Fermi National Laboratory

Volume 26  |  Friday, April 25, 2003  |  Number 7
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Marburger on visas: "We have to make [the system] work."

WASHINGTON,D.C.— John Marburger, director of the Office of Science and Technology Policy and science advisor to the President, underscored the impact of the visa backlog on foreign students and scientists by making it the sole subject of his keynote address to the AAAS Colloquium on Science and Technology Policy.

“We’re looking for needles in haystacks, and we have to go through lot of hay,” he said. “The system is not set up for it, but we know we have to make it work.”

Marburger stressed that “the Administration values the contribution foreign scientists and students make to the nation’s scientific enterprise,to our economy,and to the appreciation of American values throughout the world.”He pointed to similar language at the beginning of Homeland Security Presidential Directive 2 (HSPD2),issued by President Bush on Oct.29,2001.He also admitted that the directive ’s strong language on ending the “abuse ”of student visas “left many of us struggling to make that consistent with the opening statements.”

Marburger acknowledged that increased scrutiny has led to a small but significant rise in visa rejections,in two primary categories:“failure to establish intent to return to the home country,”and “application does not comply with [Immigration Service ]requirements.” He added that no other categories come “within an order of magnitude ”as causes for rejection.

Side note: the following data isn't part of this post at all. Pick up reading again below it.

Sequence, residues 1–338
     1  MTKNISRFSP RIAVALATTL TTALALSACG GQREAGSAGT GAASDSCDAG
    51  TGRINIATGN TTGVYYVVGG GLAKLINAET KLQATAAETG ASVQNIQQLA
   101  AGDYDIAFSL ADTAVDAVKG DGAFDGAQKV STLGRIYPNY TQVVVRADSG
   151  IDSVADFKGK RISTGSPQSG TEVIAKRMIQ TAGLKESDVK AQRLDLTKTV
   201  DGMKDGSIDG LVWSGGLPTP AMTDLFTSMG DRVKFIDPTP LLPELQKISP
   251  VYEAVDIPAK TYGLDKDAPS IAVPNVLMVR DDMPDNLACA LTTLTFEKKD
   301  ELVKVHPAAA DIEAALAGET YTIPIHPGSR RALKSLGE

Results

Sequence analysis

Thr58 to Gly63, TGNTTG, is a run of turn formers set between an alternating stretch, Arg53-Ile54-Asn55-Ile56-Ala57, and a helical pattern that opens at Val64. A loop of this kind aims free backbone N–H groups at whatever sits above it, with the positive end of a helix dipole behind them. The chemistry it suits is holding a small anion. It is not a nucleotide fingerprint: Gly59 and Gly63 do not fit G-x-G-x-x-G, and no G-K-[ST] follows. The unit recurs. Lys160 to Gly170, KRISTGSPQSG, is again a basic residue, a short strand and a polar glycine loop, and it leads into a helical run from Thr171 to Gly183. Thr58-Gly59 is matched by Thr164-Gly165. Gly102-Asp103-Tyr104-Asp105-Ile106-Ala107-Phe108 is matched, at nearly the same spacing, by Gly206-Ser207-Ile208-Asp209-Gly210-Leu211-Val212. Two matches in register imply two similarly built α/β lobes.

Rejections in the second category can hinge on something as simple as filling out forms carelessly, Marburger said. But establishing intent to return is critical,because the legal burden of proof is on the applicant to demonstrate ties that would result in leaving the U.S.when the visa expires.

Marburger admitted some might consider this policy contradictory to stated official intentions of attracting the most talented students and scientists from abroad.But he added: “Student visas are not immigrant visas or temporary worker visas,and applicants should be aware of this.”

Applicants for visas report waiting 90 days or more for a process that formerly took less than 30 days,effectively ruling out short-term plans to attend science conferences or meetings.Marburger asserted that the backlog stemmed not from the small increase in rejections,but from the large increase in cases screened for possible terrorist ties or for possible intent to evade laws on exporting technology or sensitive information.

The data on terrorism screening is classified,Marburger said, but he presented compelling numbers in the other category. In 2000,Marburger said,only 1,000 cases were reviewed on the basis of export sensitivity.There were 2,500 reviews in 2001,and 14,000 reviews in 2002.He said that both the State Department and the Federal Bureau of Investigation are now devoting full-time staffers to clear up the backlog,although there are at least 1,000 cases in the system at any given time.

Marburger said he has directed OSTP to make the visa backlog a priority.He cited a coordinated effort among OSTP and six offices and agencies last fall,clearing out nearly 10,000 backlogged visa applications.He also said it was important for universities and other institutions to provide specific data on how they are being affected.Marburger urged academic institutions to take three helpful steps: provide information on the visa process,to urge applicants to fill out forms carefully,and “to be honest about what the system is trying to accomplish.”

“The backlogs result from screening applicants more rigorously,”Marburger said,“not from policies to exclude applicants.”

—Mike Perricone

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